Marvel Confirms The One Enemy Even Hulk Couldn't Defeat – Screen Rant

Very few in the Marvel Universe can say they cannot be beat by the Hulk, and the evil Roxxon Corporation is one such organization.
Spoilers ahead for Champions #10!
For years, the Roxxon Corporation has been one of the Marvel Universe’s most insidious villainous entities, a multi-national conglomerate that not even the Hulk can destroy. Recently, in the pages of Immortal Hulk, the Jade Giant dealt the evil corporation a massive blow, particularly to their public reputation, but in Champions #10, on sale now in print and digital, the company has bounced back and is worse than ever.
Conceived of as a stand-in for evil corporations, Roxxon first appeared in 1974’s Captain America #180, created by writer Steve Englehart and artist Sal Buscema. Much like the Exxon Corporation, which its name is a play on, Roxxon is devoted to energy, mainly through petroleum. The company engages in highly unethical business practices and has come into conflict with many Marvel heroes. Recently, in Immortal Hulk #33, Roxxon was revealed to be using the alien villain Xemnu to control people’s minds—a move that tarnished Roxxon’s public image greatly. Covertly, Roxxon was also responsible for Kamala’s Law, a misguided piece of legislation aimed at curtailing teenage superheroes. Roxxon worked with government officials to ensure the bill was passed and used captured teen heroes as guinea pigs for experiments. This earned the corporation the ire of Marvel’s teen hero team the Champions, and even after Kamala’s Law is repealed, Roxxon still seeks to control teenage heroes.
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In Champions #10, written by Danny Lore with art by Luciano Vecchio, colors by Federico Blee and letters by Clayton Cowles, Miles Morales, Sam Alexander’s Nova, and Ms. Marvel have gone undercover at Roxxon as interns. Roxxon, in its latest bid to bring the teen heroes under its thumb, has created the Chaperone program, a series of robots that use non-lethal force to “protect” teen heroes. The Champions fight back against the robots, destroying them and once again exposing Roxxon as corrupt. However, in the days that follow, Ms. Marvel reveals, thanks to slick PR on Roxxon’s part, the public once against trusts the company, and their approval numbers are higher than ever. The Champions struggle to make sense of why but have no easy answers.
Corrupt corporations make for some of the best villains in comics. Thanks to their seemingly endless supply of money and resources, they can afford the best legal representation in the world, making them successful in keeping their name clear. Furthermore, CEOs and other prominent figures in companies such as Roxxon are public figures, the types who keep their indiscretions a secret. For a hero to publicly attack a CEO, with no evidence, is bad optics; this strategy has worked wonders for Lex Luthor in the Superman comics. Corporations like Roxxon can also afford the best public relations staff too, and the evidence is at the end of this issue, as Roxxon is once again on top in the polls.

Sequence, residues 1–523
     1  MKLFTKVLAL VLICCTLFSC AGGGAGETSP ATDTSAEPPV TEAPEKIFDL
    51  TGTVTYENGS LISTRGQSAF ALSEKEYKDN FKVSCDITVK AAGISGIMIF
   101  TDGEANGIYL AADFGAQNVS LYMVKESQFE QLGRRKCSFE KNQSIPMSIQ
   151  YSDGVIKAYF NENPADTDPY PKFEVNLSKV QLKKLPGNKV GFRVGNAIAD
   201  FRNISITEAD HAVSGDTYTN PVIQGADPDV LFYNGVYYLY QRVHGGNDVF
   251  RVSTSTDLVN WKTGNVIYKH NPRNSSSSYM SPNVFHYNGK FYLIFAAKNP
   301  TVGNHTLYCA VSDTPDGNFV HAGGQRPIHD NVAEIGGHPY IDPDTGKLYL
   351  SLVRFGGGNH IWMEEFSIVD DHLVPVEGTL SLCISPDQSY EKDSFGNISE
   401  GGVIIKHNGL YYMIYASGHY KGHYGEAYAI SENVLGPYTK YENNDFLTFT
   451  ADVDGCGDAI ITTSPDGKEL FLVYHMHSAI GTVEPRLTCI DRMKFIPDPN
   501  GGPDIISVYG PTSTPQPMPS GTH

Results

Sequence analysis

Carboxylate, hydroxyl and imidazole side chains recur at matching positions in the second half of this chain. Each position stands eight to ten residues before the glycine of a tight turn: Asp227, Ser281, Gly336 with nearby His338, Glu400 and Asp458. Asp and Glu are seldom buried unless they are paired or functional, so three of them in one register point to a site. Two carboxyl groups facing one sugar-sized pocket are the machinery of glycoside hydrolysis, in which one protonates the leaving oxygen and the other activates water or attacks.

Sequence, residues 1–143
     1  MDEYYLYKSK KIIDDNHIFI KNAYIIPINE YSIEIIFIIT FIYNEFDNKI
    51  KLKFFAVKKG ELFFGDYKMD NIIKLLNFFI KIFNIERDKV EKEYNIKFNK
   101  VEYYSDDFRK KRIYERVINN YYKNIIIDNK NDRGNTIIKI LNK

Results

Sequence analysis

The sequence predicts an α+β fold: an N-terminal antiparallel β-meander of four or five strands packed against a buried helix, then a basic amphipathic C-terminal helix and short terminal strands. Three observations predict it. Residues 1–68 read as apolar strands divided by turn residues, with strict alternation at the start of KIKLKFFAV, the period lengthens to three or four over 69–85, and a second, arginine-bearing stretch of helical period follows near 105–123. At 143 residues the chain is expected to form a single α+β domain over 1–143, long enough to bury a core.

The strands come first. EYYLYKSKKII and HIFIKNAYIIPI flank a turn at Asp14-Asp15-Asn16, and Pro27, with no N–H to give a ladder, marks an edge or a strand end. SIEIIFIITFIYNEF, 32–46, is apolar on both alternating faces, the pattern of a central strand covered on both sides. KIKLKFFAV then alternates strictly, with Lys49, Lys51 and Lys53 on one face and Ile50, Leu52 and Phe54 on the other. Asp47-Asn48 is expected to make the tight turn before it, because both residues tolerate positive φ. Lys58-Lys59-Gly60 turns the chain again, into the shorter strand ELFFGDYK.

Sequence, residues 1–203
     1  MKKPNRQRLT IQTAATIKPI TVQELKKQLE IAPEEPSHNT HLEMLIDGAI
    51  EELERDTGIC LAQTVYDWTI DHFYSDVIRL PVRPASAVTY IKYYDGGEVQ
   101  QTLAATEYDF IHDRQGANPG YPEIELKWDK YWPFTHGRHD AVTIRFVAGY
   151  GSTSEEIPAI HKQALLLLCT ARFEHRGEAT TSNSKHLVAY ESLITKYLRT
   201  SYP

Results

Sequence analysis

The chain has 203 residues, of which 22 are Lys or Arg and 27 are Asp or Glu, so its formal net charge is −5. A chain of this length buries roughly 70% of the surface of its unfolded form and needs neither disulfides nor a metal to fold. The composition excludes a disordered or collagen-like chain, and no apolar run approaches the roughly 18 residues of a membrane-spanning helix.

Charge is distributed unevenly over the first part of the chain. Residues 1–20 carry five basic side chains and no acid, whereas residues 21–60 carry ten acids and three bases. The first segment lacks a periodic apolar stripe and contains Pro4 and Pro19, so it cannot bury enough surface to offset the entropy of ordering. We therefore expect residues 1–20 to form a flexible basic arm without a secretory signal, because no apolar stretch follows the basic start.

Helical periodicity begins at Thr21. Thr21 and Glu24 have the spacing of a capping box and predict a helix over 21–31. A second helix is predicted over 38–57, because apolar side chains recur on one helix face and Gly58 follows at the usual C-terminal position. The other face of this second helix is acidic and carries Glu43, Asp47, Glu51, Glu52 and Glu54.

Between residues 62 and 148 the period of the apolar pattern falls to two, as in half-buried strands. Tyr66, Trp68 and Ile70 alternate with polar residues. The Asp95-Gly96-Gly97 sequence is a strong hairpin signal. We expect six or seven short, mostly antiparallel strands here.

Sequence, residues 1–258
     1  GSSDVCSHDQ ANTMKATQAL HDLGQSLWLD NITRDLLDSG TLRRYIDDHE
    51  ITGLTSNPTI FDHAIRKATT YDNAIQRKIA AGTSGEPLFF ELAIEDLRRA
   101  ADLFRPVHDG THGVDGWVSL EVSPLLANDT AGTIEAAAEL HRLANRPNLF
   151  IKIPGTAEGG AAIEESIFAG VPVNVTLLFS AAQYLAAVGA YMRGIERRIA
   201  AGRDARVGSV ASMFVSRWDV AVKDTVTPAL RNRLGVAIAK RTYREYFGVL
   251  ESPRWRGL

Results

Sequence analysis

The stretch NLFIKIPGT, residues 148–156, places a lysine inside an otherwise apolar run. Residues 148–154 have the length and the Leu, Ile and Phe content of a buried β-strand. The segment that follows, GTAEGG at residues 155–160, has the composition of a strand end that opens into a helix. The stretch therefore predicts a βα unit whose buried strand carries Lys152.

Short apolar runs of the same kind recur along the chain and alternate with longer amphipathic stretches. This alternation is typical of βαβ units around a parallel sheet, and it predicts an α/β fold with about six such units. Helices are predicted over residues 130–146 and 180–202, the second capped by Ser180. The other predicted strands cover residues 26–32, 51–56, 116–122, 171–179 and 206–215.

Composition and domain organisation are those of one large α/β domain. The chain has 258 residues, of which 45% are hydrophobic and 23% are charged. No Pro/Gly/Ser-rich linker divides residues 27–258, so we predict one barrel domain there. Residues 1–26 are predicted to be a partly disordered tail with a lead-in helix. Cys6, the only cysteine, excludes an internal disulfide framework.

Other Marvel heroes have tried to take down Roxxon—to no avail. The Hulk fought Roxxon’ minions recently and exposed the company for what it was—but it seemed to have no effect. Efforts by other heroes, such as Spider-Man and the Champions, have also been unsuccessful in curbing Roxxon’s activities. What makes Roxxon truly insidious is there is no public face, no one person that represents the company. It is amorphous and apparently unbeatable.
Throughout the years, the Roxxon Corporation has been able to do what Doctor Doom, Kang, the Kingpin, and others have not—defeat some of the most powerful heroes Marvel has to offer, such as the Hulk. The company’s faceless nature, combined with endless financial resources, make it one of the most terrifying entities in the Marvel Universe.
Next: Hulk’s Ultimate Villain Gets Darker Thanks to Galactus’ Secret History 
Shaun Corley is a pop culture enthusiast living in the Pacific Northwest. After stints in both customer service and academia, he’s turned his attention to writing about comic books–his lifelong passion. He is a graduate of Radford University, with a degree in English. When not reading comics, he enjoys spending time with his fiance and their dog.


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